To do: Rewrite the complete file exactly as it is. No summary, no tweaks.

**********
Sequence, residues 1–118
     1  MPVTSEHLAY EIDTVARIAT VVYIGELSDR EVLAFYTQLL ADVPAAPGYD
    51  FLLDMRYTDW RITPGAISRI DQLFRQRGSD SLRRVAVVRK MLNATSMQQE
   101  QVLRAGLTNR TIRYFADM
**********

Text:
Sequence, residues 1–118
     1  MPVTSEHLAY EIDTVARIAT VVYIGELSDR EVLAFYTQLL ADVPAAPGYD
    51  FLLDMRYTDW RITPGAISRI DQLFRQRGSD SLRRVAVVRK MLNATSMQQE
   101  QVLRAGLTNR TIRYFADM